The leaders of the world's leading economies are set for a tough debate with US President Donald Trump on the issues of climate change, North Korea and trade on Friday at the G20 20th summit that started in Hamburg, Germany against the threat of violent protests.

The meeting in Germany's port city of Hamburg arises from the great changes in the global geopolitical landscape when Trump's "America First" doctrine emphasizes Europe and China closer to each other.

Trump and Putin's first-ever meeting

US President Donald Trump is expected to meet Russia's President Vladimir Putin for the first time on Friday, a scene that will be closely be monitored amid the allegation by US intelligence agencies that Moscow has influenced US presidential elections to sway Trump's victory.

The summit also involves Trump and China President Xi Jinping when Washington mounts intense pressure in Beijing to stretch on North Korea after testing an intercontinental ballistic missile and with the US threatening China with drastic trade measures.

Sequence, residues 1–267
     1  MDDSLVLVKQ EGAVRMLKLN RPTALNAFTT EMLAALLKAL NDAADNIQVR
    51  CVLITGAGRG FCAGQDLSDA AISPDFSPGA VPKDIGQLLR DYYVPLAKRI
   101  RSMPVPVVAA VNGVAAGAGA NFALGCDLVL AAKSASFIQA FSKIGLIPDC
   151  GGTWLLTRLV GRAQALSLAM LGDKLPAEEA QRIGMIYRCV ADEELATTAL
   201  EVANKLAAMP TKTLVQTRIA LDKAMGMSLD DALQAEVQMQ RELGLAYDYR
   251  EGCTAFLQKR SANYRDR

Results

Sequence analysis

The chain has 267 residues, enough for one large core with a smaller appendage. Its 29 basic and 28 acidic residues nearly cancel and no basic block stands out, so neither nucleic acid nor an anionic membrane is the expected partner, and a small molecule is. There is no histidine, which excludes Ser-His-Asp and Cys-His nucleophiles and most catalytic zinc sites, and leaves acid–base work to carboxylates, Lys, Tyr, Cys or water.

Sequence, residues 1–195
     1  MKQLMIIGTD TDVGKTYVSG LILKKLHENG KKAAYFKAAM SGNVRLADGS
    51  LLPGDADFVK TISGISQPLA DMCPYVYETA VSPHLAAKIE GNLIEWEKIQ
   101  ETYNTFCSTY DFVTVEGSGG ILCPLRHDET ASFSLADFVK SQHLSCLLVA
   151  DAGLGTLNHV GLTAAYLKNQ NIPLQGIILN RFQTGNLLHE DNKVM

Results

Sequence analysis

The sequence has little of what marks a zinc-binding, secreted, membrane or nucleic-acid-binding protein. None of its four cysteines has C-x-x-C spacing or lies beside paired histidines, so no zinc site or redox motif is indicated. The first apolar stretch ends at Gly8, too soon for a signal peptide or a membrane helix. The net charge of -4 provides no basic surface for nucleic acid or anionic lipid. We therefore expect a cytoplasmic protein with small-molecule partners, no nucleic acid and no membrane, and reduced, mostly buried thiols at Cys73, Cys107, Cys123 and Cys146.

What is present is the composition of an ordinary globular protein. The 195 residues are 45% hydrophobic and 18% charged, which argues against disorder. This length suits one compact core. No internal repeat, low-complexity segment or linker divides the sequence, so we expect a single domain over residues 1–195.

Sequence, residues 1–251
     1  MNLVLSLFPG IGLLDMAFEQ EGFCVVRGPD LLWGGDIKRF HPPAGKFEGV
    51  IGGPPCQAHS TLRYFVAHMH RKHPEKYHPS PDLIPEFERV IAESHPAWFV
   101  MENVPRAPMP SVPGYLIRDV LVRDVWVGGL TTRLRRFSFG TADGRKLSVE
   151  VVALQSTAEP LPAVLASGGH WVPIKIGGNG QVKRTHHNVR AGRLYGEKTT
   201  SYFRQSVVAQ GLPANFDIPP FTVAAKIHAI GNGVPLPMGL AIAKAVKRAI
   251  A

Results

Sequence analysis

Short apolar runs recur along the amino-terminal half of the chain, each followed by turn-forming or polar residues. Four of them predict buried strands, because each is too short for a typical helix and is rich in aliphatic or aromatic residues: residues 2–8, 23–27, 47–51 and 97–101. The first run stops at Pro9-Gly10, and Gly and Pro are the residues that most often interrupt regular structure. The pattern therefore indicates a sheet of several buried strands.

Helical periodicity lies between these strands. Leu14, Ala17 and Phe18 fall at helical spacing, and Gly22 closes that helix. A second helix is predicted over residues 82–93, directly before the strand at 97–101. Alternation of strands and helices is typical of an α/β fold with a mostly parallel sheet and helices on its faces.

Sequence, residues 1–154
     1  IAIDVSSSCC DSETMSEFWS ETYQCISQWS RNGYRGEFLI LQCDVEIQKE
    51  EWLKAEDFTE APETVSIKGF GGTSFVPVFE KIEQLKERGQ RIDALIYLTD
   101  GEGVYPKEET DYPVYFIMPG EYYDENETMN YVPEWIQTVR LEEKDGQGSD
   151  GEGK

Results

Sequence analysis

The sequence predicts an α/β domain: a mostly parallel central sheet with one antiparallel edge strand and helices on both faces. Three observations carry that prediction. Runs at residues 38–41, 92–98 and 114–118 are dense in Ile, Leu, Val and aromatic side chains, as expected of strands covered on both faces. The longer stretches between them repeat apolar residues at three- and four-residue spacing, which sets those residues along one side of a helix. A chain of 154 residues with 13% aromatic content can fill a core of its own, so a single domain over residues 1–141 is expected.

The host of the great ego and seemingly tough conflicts, German Chancellor Angela Merkel, is faced with the scary task of leading the leaders towards the unity of trade, migration and climate change - all the issues that have become more controversial since Trump came to the White House about six months ago.

Trump's bilateral relations with Putin took place only 15 minutes after the beginning of a climate debate, which was a timetable that could hinder the agreement.

A tough debate for G20 leaders

Making reference to the climate agreement Trump has pledged to exit, Greenpeace's Jennifer Morgan said that Angela Merkel, who hosts the G20, should not offer ambition for unity, and that there is a need for G19 to engage in climate action that demonstrates the intention to implement and even exceed what 195 nations endorsed in Paris.

Merkel met Trump for about an hour at a Hamburg Hotel on Thursday night trying to overcome the differences that the ambassadors of both nations have not been able to resolve in weeks of intense debate, including last-minute travel in Washington, by German Chancellor's top economic adviser.

Both leaders rushed their hands and smiled at the cameras, did not show any tensions in their first two meetings in Washington in March, and Trump's first tour of Europe in May. After this, usually cautious Merkel said that the US was no more a reliable partner and urged Europe to take its destiny into its own hands.